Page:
Transition is a long process, but 25 years after the country played a leading role in the end of communism in central and eastern Europe, Poland can look back at its achievements with pride.
It was with this sentiment that former president Aleksander Kwaśniewski delivered a keynote speech at the opening of a discussion on “Transition and Governance: Past Successes, Future Challenges” at the EBRD’s 2014 Annual Meeting and Business Forum in Warsaw.
President Kwaśniewski identified six reasons for Poland’s successful transformation: adoption of a reliable constitutional framework; security through membership in NATO and the European Union; consensus around its main political goals; decentralisation of administration; education of the younger generation; and the development of strong democratic institutions.
While he looked back at past achievements with not inconsiderable satisfaction (“Of course I find these changes very good because most of them happened when I was president,” he joked), he was even more bullish about the future: “Perhaps for the first time in its long history of missed opportunities Poland today has the chance to become a major European player.”
A less-upbeat assessment of the wider transition region, however, was provided in the subsequent presentation by Alina Mungiu-Pippidi, Director of the European Research Centre for Anti-Corruption and State-Building, Hertie School of Governance. Under the title “The Other Transition” Ms Mungiu-Pippidi gave a fascinating, if rather depressing account of the root causes of corruption and how difficult it is to eradicate.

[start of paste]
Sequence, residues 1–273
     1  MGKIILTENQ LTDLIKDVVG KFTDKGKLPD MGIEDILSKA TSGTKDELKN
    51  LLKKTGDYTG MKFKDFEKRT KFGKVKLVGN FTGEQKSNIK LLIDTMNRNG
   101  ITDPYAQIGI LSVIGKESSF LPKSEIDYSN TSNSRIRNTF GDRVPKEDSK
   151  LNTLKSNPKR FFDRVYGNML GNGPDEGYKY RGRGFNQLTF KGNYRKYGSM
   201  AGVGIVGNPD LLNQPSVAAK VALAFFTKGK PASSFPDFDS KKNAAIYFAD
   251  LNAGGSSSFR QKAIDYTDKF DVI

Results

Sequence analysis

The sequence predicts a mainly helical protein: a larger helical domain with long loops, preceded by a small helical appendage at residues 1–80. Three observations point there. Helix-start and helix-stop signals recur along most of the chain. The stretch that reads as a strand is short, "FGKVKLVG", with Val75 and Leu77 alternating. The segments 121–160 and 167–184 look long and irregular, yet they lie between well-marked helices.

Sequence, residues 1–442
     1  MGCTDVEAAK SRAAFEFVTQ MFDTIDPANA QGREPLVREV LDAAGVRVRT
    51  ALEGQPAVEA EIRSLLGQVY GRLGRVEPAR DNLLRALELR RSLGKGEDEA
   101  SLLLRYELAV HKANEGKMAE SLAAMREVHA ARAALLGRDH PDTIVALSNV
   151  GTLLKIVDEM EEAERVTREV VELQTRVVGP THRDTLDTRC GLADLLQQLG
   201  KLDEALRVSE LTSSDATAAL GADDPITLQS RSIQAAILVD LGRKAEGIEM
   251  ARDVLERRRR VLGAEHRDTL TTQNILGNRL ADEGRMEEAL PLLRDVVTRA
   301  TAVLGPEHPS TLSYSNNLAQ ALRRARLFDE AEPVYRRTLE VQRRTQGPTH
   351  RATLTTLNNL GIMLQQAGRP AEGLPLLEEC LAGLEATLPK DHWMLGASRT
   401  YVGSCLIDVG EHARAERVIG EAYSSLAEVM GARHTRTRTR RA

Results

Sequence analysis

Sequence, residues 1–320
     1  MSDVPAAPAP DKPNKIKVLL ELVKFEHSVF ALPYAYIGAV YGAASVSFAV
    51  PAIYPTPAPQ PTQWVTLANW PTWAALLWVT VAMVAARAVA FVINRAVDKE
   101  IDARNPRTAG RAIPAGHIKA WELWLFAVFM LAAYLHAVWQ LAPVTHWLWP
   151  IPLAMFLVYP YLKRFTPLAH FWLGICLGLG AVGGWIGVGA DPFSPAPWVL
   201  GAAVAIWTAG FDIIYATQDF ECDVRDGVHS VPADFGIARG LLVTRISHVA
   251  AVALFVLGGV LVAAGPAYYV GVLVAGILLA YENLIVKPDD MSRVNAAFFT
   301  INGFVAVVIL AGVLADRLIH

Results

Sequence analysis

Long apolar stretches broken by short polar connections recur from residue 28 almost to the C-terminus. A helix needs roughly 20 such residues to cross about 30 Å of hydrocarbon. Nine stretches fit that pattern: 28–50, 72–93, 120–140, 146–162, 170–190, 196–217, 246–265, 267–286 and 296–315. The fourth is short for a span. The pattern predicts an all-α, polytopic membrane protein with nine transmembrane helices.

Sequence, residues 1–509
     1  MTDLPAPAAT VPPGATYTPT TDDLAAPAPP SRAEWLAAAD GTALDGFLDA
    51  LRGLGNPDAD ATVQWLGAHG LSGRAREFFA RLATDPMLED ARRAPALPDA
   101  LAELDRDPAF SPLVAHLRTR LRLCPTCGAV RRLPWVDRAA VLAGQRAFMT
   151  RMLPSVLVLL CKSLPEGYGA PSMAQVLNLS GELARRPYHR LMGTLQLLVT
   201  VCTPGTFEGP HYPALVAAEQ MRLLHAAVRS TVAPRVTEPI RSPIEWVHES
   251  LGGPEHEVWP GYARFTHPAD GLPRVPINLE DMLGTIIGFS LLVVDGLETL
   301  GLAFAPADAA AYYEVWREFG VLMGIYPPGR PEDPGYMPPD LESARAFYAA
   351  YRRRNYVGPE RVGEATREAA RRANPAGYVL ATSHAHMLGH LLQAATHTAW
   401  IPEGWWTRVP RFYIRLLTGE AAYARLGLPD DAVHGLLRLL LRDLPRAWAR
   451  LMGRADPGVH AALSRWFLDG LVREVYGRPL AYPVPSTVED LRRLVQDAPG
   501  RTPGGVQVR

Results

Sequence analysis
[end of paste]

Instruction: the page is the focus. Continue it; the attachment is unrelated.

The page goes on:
Using empirical evidence she showed that collective empowerment and strengthening of civil society can work to combat corruption but they were long-term measures that take time to put in place.
Other speakers on the panel hosted by EBRD Vice President András Simor were Miklós Marschall, Deputy Managing Director, Transparency International, and Djoomart Otorbaev, Prime Minister of the Kyrgyz Republic, who spoke about how over the past quarter of a century some transition countries had made dramatic progress in reforming their political and economic systems, while others were now “stuck in transition”.
The speakers agreed that strengthening the rule of law, tackling corruption and addressing problems in the business environment are complex issues that take time to resolve. Governments needed to demonstrate strong political will to put in place the reforms that would put the transition process back on track.
Thursday 15 May 2014
- András Simor, Vice President, Policy, EBRD
- Aleksander Kwaśniewski, former President of Poland